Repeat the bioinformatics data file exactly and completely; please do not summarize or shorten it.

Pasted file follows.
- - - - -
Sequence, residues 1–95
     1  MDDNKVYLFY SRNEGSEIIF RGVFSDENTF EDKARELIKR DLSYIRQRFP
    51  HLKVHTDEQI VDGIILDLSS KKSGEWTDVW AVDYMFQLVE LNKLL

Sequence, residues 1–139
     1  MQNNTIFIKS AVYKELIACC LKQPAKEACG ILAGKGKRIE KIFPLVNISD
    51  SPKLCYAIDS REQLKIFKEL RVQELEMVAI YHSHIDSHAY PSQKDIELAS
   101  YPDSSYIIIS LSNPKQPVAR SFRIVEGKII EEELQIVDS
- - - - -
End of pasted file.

Sequence, residues 1–95
     1  MDDNKVYLFY SRNEGSEIIF RGVFSDENTF EDKARELIKR DLSYIRQRFP
    51  HLKVHTDEQI VDGIILDLSS KKSGEWTDVW AVDYMFQLVE LNKLL

Sequence, residues 1–139
     1  MQNNTIFIKS AVYKELIACC LKQPAKEACG ILAGKGKRIE KIFPLVNISD
    51  SPKLCYAIDS REQLKIFKEL RVQELEMVAI YHSHIDSHAY PSQKDIELAS
   101  YPDSSYIIIS LSNPKQPVAR SFRIVEGKII EEELQIVDS